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Tagged "Books"


Slow Seconds 101

George Thomas Taylor (1838-1913) was a Fredericton-born photographer whose work offers a fascinating glance into nineteenth-century New Brunswick. For the first time ever, a curated collection of his photos will be represented in a book to be published September 24th. Here is a great introductory course on Ronald Rees and Joshua Green's Slow Seconds: The Photography of George Thomas Taylor.
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I Know What I Read This Summer: An Intern's Journey

by Meaghan Laaper 

A friend of mine recently asked me how my internship at Goose Lane Editions was going and I told them, "I think the whole publishing world is absolute whack. And I love it."

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Paintings For Sale 101

Maud Lewis is one of Canada's most beloved folk artists. Born in 1903, Maud spent her life painting the enchanting and ever-changing places of rural Nova Scotia until her death in 1970. Coming July 23rd, her work will be featured in a new book, Maud Lewis: Paintings for Sale by Sarah Milroy. For years, Maud's paintings have been dominated by conversations of her disability and family life but that conversation changes with this new collection. Here is the 101 on Maud Lewis: Paintings for Sale.
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Oldies but Goodies

A few of our favourite authors start the summer off right with a touch of nostalgia by Meaghan Laaper

As summer finally draws in, patio chairs come out, winter coats get packed away, and those slumbering summer freckles spread out across sun-warmed cheeks, old memories of summers past bubble to the surface. Barefoot on the back porch, with Journey’s “Don’t Stop Believing” playing over the radio, or maybe Cindi Lauper’s “Girls Just Want to Have Fun” was more up your alley. Either way, it’s time to fill your summer days and get that ’80s and ’90s nostalgia flowing! These Goose Lane authors did just that, digging up some relatable favourites from their past.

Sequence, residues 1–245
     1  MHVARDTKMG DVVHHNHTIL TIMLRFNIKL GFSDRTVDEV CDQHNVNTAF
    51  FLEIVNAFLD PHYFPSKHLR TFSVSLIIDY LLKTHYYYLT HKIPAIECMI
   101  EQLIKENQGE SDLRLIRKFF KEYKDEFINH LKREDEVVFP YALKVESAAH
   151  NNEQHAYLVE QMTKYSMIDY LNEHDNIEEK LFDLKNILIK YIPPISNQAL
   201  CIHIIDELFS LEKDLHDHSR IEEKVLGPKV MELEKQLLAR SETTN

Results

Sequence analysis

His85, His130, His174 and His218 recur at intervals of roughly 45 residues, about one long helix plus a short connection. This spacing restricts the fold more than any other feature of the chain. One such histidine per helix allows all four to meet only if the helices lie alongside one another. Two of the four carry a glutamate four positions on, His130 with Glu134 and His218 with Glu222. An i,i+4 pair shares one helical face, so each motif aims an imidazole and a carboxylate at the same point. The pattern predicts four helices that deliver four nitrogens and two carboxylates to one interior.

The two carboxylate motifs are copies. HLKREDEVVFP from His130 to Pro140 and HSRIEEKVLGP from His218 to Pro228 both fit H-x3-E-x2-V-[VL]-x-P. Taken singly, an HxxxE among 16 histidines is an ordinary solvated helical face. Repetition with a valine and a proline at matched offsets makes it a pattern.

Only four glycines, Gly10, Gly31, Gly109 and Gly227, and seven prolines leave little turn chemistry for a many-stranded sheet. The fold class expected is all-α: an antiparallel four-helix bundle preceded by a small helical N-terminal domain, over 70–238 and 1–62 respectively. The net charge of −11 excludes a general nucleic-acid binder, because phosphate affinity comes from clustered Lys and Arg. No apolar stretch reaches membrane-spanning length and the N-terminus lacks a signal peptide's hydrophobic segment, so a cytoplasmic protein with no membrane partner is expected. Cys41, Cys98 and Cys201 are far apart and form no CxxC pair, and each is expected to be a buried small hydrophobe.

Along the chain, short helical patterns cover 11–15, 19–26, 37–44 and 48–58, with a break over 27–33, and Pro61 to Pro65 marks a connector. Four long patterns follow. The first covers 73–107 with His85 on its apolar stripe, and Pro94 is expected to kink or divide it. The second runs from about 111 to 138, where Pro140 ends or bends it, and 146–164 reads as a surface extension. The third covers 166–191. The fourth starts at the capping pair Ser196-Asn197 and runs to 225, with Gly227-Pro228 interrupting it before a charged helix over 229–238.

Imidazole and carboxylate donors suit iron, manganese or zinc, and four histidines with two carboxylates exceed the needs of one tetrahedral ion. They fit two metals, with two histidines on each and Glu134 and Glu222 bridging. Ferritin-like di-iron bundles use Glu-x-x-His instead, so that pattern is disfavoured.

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The Great Trees of NB 101

New Brunswick is home to more than five billion trees, many native to the Acadian forest and some exotics introduced by settlers. For this new edition of The Great Trees of New Brunswick (the first edition was published in 1987), forester David Palmer and conservationist Tracy Glynn have prepared a book that doubles as an informative guide to the province’s native and introduced species and a compendium of “champion” trees, drawn from nominations from all corners of the province.

As of January 2018, 50 of the original 52 trees were accounted for. Of the 50 trees, 27 were still alive, 19 were gone, and the status of 4 trees was uncertain.

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